A small band of cowboys and stockmen pushed through 10-foot snowdrifts and a blizzard, driving a band of horses before them to break trail in Yellowstone and clear the path for a sleigh carrying the girl to safety.

Advancements in train technology and communication, however, haven’t kept the railways free from snow danger.

On Sunday, Jan. 13, 1952, the City of San Francisco, Calif., hit a snowslide 20 miles west of Donner Pass. When engineers put the train into reverse to escape, the steel wheels slipped on the icy track.

 

When the storm broke three days later, relief parties mushing dogsleds, driving over-snow track vehicles, and Southern Pacific trains rushed in for the rescue. Passengers able to walk hobbled to safety along the tracks; the sick and wearier passengers were tobogganed or carried on stretchers. All 226 passengers and crewmembers survived their three-day ordeal on the snowbound train.

And, of course, the days of amateur radio haven’t been lost to the past. The valuable resource is still available to provide reliable emergency communication when all other means of communication give out.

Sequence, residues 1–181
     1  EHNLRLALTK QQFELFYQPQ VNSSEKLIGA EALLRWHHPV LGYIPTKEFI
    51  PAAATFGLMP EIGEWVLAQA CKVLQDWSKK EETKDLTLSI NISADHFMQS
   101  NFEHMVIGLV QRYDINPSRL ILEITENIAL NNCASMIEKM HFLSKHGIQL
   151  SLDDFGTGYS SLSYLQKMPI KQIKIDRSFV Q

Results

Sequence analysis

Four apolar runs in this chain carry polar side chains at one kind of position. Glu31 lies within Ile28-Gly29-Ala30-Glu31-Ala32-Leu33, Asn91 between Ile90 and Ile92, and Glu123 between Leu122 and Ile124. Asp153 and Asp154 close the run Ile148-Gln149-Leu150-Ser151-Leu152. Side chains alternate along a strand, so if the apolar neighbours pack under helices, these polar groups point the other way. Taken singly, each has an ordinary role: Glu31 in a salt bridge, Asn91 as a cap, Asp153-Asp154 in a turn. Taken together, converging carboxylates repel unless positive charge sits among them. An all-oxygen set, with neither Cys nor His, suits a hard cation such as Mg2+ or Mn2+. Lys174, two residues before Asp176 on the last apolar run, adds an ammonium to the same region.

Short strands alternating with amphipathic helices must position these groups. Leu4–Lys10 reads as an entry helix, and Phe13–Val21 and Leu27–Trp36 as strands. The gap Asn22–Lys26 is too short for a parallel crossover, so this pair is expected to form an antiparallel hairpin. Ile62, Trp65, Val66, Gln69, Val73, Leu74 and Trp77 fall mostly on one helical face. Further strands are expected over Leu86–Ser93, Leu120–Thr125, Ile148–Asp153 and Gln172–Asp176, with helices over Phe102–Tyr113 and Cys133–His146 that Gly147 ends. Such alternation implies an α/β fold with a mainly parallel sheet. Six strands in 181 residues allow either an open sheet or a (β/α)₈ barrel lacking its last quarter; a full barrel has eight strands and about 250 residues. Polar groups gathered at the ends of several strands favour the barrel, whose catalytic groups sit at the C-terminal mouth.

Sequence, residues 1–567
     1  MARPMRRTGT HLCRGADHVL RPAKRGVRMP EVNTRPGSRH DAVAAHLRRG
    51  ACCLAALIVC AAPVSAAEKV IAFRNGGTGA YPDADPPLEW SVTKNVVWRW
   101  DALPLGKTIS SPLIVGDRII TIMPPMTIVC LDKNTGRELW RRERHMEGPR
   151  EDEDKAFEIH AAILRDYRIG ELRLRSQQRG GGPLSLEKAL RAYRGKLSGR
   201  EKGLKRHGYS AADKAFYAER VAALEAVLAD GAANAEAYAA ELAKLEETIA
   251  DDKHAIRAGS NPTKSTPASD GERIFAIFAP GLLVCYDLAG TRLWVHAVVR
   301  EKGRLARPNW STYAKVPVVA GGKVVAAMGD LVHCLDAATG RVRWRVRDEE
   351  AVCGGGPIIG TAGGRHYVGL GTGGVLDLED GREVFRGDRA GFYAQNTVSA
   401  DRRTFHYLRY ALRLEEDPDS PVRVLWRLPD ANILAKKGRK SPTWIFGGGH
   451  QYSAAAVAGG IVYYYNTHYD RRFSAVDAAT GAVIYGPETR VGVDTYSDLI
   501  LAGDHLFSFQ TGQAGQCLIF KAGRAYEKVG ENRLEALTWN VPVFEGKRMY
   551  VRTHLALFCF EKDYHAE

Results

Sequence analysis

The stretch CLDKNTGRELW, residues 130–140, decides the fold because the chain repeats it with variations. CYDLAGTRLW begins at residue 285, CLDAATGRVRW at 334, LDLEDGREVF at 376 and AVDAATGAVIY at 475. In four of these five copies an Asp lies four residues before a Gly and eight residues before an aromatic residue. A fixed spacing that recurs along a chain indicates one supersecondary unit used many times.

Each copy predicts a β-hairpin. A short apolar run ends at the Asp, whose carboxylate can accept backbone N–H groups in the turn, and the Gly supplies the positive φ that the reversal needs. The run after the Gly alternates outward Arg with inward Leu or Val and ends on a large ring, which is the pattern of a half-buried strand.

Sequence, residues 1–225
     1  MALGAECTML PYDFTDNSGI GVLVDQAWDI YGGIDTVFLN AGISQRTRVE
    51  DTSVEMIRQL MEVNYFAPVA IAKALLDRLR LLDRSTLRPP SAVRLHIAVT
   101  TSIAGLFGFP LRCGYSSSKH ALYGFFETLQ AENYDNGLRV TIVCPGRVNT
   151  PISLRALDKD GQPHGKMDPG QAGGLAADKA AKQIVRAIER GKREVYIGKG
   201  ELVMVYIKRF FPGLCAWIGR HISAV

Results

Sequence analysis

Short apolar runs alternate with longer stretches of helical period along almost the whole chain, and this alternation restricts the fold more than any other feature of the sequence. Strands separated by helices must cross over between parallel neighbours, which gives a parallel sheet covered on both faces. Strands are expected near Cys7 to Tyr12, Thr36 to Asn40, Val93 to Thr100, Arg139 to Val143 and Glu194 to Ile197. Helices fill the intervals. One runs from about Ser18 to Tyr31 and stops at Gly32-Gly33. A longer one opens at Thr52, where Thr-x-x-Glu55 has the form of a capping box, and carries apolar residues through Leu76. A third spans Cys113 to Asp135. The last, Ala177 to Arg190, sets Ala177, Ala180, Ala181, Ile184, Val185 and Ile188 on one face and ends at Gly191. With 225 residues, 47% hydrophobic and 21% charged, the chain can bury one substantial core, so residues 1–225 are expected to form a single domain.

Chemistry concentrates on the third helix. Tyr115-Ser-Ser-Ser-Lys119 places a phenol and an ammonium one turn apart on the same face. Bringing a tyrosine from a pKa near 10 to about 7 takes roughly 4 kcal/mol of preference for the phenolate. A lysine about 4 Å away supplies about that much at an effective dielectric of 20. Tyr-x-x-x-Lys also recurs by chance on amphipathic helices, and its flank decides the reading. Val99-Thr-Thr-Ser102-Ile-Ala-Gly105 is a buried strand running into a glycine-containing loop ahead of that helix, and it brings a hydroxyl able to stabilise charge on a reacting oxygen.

Amateur radio operators assist public safety officials with on-scene situational awareness during emergencies. For example, when blizzards blanket Delaware, it’s not unusual to find amateur radio operators posted at ham radio stations at the Sussex County EOC, and others driving around the county reporting what they are seeing and confirming reports from the National Weather Service.

“While [the police and emergency medical services] were moving around, they had better things to do than stop and measure the snow,” said Walt Palmer, public information officer for the American Radio Relay League in Delaware. “So that’s where amateur radio’s guys were coming in.”

Sources

1Amateur Radio Operators Provide a Critical Communications Link During Emergencies, Emergency Management, http://www.emergencymgmt.com/safety/Amateur-Radio-Operators-Communicatio…, June 23, 2010, accessed Dec. 13, 2013.

ABOUT THE AUTHOR :
Audrey Fraizer is Managing Editor of the Journal, and is poster child for an editorial personality. She has a focused streak difficult to distract, calls library research a hobby, and believes she fools her co-workers into thinking she’s listening when she’s actually not.